Thanks for visiting Imaging and Machine Vision Europe.

You're trying to access an editorial feature that is only available to logged in, registered users of Imaging and Machine Vision Europe. Registering is completely free, so why not sign up with us?

By registering, as well as being able to browse all content on the site without further interruption, you'll also have the option to receive our magazine (multiple times a year) and our email newsletters.

High-speed stereo vision deployed for ball bearing inspection

Share this on social media:

Chromasens 3DPixa stereo line scan camera

A 3D inspection system has been built to detect abnormalities in ball and roller bearings.

The machine is able to inspect a complete bearing at 80 parts per minute, at 5µm height resolution, and simultaneously in colour and 3D.

Active Inspection, a system integrator located in Grand Rapids, Michigan, USA, customised a version of its AiUltimate Max 3D system using a Chromasens 3DPixa stereo line scan camera and Corona II LED illuminator. The machine can check virtually any type of ball or roller bearings by simple teach-in, and detect defects as small as 3μm.

Defects include: missing balls, rollers and needles, missing pins, incomplete imprints, and scratches, as well as dents, and flatness control.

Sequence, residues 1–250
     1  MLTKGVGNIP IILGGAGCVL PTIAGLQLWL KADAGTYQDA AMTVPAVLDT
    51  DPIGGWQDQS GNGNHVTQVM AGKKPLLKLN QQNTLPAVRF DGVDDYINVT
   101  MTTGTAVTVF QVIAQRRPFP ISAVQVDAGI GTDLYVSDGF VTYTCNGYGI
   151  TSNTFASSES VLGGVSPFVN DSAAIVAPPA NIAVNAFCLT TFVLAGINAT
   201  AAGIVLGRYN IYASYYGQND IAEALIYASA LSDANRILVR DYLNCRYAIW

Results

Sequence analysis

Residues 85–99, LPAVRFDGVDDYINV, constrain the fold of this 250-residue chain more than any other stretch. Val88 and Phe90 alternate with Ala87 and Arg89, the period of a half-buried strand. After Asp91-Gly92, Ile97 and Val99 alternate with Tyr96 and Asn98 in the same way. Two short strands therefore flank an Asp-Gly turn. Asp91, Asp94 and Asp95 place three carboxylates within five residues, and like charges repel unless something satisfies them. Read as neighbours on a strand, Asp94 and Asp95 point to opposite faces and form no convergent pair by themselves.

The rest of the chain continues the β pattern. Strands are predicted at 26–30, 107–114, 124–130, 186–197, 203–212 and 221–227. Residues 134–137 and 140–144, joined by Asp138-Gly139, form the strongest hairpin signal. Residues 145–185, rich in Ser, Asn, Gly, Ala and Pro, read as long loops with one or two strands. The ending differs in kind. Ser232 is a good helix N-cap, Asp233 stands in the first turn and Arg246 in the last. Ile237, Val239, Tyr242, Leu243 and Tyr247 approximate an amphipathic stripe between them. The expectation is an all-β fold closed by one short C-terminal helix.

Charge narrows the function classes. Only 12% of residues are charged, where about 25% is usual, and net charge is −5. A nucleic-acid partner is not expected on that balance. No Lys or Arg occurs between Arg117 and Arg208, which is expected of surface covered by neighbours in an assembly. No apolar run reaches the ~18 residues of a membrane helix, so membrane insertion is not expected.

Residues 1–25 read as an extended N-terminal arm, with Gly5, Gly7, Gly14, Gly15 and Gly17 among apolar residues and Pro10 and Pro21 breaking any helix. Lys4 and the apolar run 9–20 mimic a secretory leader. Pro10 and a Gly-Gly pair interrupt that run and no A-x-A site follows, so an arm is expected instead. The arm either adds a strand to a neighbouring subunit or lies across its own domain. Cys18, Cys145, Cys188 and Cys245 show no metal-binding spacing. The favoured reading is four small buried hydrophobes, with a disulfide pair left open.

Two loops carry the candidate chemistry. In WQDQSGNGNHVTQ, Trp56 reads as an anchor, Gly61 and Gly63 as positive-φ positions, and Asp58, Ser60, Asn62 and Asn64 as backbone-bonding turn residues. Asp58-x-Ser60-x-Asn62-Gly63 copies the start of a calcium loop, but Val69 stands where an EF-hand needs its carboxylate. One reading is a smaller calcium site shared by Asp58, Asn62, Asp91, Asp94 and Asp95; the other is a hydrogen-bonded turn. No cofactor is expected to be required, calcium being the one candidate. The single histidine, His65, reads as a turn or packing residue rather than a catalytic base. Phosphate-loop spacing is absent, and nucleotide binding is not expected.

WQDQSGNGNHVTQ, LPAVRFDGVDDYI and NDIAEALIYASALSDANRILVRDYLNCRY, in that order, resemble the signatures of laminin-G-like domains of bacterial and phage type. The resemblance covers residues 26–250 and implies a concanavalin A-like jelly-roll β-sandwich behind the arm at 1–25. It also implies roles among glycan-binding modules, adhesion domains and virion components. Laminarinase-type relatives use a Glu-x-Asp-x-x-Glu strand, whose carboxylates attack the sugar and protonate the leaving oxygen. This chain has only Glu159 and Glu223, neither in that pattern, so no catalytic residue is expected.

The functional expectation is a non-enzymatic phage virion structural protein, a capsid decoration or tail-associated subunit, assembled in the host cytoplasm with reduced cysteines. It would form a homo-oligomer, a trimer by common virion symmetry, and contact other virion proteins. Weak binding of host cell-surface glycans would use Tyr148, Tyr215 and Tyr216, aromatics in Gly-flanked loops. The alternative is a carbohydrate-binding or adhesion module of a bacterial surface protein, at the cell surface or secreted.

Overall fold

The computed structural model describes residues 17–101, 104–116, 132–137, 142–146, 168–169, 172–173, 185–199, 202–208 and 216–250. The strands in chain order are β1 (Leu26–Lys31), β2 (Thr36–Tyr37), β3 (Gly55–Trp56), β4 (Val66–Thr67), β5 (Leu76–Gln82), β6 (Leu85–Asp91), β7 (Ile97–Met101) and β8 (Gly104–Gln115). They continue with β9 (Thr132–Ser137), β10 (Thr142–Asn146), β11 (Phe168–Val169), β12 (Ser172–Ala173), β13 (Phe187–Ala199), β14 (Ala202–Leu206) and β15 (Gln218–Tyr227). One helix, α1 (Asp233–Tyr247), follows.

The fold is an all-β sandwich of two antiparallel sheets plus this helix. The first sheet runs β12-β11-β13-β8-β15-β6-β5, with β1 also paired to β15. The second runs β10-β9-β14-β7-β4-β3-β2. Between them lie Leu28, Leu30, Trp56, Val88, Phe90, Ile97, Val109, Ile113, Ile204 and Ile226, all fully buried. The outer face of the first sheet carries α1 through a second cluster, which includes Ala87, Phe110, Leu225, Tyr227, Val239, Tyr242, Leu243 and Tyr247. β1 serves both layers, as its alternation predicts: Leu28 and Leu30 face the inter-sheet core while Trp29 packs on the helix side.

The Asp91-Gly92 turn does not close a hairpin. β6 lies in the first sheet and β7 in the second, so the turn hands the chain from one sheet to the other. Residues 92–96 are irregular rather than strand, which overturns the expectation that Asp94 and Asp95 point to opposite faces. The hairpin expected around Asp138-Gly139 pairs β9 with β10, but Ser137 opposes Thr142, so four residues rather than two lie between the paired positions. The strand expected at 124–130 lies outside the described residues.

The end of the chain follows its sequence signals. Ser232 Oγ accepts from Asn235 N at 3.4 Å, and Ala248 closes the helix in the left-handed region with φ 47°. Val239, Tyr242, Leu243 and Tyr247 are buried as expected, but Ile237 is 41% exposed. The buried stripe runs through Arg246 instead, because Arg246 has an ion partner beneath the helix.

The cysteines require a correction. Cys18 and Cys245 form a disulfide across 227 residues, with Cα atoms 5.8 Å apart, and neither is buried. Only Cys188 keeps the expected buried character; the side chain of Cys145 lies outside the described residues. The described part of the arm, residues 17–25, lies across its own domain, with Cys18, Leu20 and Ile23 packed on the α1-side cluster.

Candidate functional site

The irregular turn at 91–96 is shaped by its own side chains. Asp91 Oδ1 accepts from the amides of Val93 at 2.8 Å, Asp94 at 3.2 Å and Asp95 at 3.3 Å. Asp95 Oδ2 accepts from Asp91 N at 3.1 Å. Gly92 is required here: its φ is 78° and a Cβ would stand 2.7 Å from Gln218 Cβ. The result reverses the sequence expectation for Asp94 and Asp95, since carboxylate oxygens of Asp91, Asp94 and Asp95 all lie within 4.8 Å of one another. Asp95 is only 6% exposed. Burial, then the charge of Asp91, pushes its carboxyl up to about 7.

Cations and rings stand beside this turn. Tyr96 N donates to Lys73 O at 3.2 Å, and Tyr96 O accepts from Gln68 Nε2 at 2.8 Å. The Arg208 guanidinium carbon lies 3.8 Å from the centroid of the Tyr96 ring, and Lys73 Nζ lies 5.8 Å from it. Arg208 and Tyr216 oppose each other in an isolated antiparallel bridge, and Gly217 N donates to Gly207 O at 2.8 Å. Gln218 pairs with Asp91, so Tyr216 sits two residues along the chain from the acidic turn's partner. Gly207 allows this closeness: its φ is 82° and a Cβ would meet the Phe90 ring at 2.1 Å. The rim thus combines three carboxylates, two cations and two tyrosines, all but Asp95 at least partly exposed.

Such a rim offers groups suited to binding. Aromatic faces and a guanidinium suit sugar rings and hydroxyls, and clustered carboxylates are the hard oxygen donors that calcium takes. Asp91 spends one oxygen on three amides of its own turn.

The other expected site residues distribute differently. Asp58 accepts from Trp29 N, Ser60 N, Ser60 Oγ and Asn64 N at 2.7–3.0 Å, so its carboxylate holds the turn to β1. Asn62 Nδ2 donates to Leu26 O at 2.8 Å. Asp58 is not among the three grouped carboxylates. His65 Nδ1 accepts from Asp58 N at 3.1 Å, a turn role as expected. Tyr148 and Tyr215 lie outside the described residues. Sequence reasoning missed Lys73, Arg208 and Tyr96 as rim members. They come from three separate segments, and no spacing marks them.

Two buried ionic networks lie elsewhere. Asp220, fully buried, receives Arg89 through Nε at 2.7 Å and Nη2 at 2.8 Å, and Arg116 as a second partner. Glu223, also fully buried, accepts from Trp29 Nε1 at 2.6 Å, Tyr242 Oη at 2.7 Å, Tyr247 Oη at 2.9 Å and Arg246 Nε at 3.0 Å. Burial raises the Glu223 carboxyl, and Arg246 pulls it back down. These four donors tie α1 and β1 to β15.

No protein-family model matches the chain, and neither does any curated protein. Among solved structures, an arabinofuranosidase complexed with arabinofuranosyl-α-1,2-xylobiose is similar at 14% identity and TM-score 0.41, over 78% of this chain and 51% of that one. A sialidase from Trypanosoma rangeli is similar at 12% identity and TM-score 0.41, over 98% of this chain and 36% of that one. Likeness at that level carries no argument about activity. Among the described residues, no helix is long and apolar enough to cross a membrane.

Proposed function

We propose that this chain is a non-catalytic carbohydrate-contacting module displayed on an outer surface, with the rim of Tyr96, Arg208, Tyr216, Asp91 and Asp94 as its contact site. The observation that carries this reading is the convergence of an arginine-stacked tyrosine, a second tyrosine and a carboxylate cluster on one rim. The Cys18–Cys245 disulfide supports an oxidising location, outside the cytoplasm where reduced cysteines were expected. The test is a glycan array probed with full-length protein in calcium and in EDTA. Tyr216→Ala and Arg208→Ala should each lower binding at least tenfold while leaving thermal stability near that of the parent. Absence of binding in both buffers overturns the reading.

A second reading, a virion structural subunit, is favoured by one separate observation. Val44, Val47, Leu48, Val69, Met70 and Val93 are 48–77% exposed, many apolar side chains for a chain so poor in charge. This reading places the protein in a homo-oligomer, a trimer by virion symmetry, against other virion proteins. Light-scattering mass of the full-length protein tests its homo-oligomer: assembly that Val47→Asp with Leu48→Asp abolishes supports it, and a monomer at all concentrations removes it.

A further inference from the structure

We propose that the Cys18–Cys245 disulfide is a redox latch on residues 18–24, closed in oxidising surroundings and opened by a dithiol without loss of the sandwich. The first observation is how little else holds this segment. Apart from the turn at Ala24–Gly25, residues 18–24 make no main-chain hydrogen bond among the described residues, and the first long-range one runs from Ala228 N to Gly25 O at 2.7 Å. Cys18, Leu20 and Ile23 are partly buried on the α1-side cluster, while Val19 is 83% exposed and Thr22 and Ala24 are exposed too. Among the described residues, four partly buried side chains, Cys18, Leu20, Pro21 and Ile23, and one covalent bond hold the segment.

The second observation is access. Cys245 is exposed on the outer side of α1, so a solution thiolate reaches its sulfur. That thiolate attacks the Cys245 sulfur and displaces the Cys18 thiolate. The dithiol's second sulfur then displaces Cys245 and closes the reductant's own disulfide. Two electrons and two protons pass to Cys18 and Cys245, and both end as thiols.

Press defects, when individual bearing components are pressed together, were of particular concern. Since press errors have small width and height extensions, and are also very flat with a depth of only 100μm, their detection requires precise 3D data.

The AiUltimate Max system uses two camera stations to acquire images of both sides of the bearing.

The 3DPixa camera captures 3D surfaces with two 7,300 x 3 (RGB) line scanners. It combines stereo and line scan camera technology, as well as 2D colour and 3D measurements.

Light from the same object point is captured simultaneously with both the right and left cameras of the line scanner. As the object moves, it creates stereo images from which the 3D information is calculated by comparing a set of points in an image with the same set of points in the second image. By comparing the two images, the relative depth information can be calculated and produced as a disparity map.

A Siemens PLC informs the AiUltimate Max when a part enters under the camera for image acquisition, and also receives the good-or-bad decision from the inspection system.

Graphics cards are used to calculate the 3D data from the stereo images. The inspection system has an image and result database to store all results, display them again and communicate with the PLC to forward the results to the control system.

Related news

Recent News

18 December 2019

The engineering firm One Box Vision developed the vision system for quality control of printed sheets such as those used on dashboards

12 December 2019

Coffee bean supplier, Miko Coffee, has installed an optical sorting machine to reduce the amount of foreign material in its beans

15 November 2019

A time-lapse 3D video of a zebrafish heart growing over a day has been captured for the first time by a new microscope imaging technique

26 September 2019

Rugby fans are now able to watch highlights from the Rugby World Cup, currently taking place in Japan, from angles and viewpoints not possible with conventional cameras, thanks to a multi-camera system from Canon